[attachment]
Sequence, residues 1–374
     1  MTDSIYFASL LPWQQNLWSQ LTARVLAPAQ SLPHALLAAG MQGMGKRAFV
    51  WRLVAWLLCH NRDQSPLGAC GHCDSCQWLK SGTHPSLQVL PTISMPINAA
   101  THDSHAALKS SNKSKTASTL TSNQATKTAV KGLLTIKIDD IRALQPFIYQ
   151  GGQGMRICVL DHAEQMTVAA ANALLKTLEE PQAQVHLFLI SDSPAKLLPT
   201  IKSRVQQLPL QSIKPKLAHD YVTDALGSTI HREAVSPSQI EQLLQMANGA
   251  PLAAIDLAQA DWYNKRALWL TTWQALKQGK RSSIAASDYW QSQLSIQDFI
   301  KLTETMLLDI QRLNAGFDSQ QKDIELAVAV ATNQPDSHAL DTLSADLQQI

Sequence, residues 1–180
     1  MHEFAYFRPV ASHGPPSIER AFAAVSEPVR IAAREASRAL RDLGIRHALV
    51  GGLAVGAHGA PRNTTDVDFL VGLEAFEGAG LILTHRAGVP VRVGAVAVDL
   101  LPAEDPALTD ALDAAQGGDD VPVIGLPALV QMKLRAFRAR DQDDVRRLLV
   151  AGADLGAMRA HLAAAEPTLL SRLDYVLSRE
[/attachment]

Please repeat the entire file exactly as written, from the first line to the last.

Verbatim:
Sequence, residues 1–374
     1  MTDSIYFASL LPWQQNLWSQ LTARVLAPAQ SLPHALLAAG MQGMGKRAFV
    51  WRLVAWLLCH NRDQSPLGAC GHCDSCQWLK SGTHPSLQVL PTISMPINAA
   101  THDSHAALKS SNKSKTASTL TSNQATKTAV KGLLTIKIDD IRALQPFIYQ
   151  GGQGMRICVL DHAEQMTVAA ANALLKTLEE PQAQVHLFLI SDSPAKLLPT
   201  IKSRVQQLPL QSIKPKLAHD YVTDALGSTI HREAVSPSQI EQLLQMANGA
   251  PLAAIDLAQA DWYNKRALWL TTWQALKQGK RSSIAASDYW QSQLSIQDFI
   301  KLTETMLLDI QRLNAGFDSQ QKDIELAVAV ATNQPDSHAL DTLSADLQQI

Sequence, residues 1–180
     1  MHEFAYFRPV ASHGPPSIER AFAAVSEPVR IAAREASRAL RDLGIRHALV
    51  GGLAVGAHGA PRNTTDVDFL VGLEAFEGAG LILTHRAGVP VRVGAVAVDL
   101  LPAEDPALTD ALDAAQGGDD VPVIGLPALV QMKLRAFRAR DQDDVRRLLV
   151  AGADLGAMRA HLAAAEPTLL SRLDYVLSRE